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While I agree that the Ward 6 election represents a warning and a wake-up call for Barry et al., and that Sharon Ambrose’s victory was decisive, I seriously question the political insight provided by Loose Lips (5/2).

LL claims not only that “particularly Republicans” provided the margin of victory for Ambrose, but he goes on to claim that Barry could “fall prey” to the white and Republican votes of Carol Schwartz.

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I have a couple of questions. Has LL so quickly forgotten the names McCall and Merkle? Or does he suggest that the black Democrats in this ward voted overwhelmingly for them? If not, then it seems awfully hard to suggest that Ambrose’s 8-percent margin of victory, nearly 800 votes, came from “particularly Republicans.” With over 20 percent of the ward voting (a larger-than-expected turnout for a special election), LL is suggesting that nearly all the voters were white (which was not supported even at the 85th Precinct on Capitol Hill, where I poll-watched), and that Croft and Stallings (let alone Ambrose, Capozzi, and McCall) have no support among blacks. This simply cannot be the case, can it? I did graduate from D.C. Public Schools, but even I can do the math here, and LL’s math stinks. The District is still majority-black and majority-Democratic, and so is the Hill and Ward 6.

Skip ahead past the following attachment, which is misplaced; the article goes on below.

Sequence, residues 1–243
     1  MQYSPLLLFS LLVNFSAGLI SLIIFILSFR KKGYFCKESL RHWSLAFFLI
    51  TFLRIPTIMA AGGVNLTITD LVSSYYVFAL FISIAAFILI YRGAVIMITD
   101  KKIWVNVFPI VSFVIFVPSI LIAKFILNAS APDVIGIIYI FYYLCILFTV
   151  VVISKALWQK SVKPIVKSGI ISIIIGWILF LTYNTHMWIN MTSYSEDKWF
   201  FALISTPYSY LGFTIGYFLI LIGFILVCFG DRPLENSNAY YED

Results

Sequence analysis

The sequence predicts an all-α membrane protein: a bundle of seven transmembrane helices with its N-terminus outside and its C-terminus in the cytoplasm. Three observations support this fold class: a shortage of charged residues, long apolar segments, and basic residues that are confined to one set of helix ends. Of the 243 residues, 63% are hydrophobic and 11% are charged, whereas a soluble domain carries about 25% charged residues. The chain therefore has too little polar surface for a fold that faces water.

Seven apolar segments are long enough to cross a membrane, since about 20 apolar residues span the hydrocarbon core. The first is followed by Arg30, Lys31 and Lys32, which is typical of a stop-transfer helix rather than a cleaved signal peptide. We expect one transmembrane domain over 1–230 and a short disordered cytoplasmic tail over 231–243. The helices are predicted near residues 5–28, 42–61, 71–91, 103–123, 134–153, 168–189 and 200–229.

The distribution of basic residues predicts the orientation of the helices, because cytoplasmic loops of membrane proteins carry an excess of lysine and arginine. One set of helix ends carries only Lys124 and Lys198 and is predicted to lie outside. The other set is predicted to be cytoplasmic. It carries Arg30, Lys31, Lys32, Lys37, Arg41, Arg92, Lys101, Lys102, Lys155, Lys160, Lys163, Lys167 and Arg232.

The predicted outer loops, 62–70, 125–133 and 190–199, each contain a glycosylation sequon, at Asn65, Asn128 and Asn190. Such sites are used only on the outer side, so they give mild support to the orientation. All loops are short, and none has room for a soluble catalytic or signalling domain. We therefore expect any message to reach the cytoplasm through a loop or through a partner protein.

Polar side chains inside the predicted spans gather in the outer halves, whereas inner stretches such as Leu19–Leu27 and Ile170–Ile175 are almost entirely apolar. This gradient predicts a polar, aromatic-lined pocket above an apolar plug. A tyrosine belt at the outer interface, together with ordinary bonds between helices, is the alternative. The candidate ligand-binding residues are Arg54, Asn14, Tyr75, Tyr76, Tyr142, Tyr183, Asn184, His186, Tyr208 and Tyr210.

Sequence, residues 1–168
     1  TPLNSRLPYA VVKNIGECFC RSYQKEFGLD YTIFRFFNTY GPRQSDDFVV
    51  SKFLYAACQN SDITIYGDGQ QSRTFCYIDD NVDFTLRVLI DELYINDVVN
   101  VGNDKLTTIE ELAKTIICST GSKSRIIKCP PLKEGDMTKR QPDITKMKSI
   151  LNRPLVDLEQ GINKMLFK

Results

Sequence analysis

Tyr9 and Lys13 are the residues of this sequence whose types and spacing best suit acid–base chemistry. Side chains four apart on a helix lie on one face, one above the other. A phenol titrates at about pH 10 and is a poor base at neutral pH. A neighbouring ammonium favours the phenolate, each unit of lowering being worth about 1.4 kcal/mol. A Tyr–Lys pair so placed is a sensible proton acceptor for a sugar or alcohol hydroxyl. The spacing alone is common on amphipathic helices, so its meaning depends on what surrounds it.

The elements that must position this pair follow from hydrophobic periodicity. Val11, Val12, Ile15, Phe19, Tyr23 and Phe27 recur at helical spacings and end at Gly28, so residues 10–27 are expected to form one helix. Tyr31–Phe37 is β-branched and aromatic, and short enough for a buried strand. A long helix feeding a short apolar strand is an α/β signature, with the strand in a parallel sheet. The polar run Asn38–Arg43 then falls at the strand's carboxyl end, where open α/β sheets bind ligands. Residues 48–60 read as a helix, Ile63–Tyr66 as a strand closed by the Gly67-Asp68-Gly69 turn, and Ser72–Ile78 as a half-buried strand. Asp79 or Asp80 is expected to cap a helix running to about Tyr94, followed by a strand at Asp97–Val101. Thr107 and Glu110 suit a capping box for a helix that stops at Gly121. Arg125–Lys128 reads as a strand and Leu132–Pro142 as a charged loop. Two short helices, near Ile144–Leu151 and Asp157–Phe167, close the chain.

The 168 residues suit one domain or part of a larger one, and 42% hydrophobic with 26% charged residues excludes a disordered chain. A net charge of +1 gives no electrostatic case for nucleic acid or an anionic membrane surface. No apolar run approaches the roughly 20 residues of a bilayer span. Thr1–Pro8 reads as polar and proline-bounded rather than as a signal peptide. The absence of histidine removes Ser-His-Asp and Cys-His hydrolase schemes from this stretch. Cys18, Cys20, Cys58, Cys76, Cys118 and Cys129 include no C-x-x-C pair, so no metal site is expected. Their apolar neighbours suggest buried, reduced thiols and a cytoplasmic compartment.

Ambrose dominated the field, and no amount of pseudo-inside knowledge can change the makeup of the voters, the ward, or her opponents to support LL’s claims. To garner such a margin of victory, she won the votes of blacks and whites, East and West, Democrat and Republican, and perhaps, if truth be known, some Umoja, too. Since we are not talking about a few votes here, LL’s decisive Republican support is just short of fantastic.

The Ward 6 race was a sign that Barry is in trouble, and the poor turnout in Anacostia is indicative of the failure of Barry and this city’s politicians to take care of business and instill confidence in their own electorate. It is not the Republicans’ fault that Ward 6 voters view their politicians as impotent. Perhaps he should accept that Ambrose was the candidate with the most support. I’m sure that if LL gave it some time he too could find a number of reasons for Ambrose’s victory (she was the most civil candidate with the most experience, for starters) other than that the Republicans did it. That was last year’s mantra; now can we just move on?

Capitol Hill

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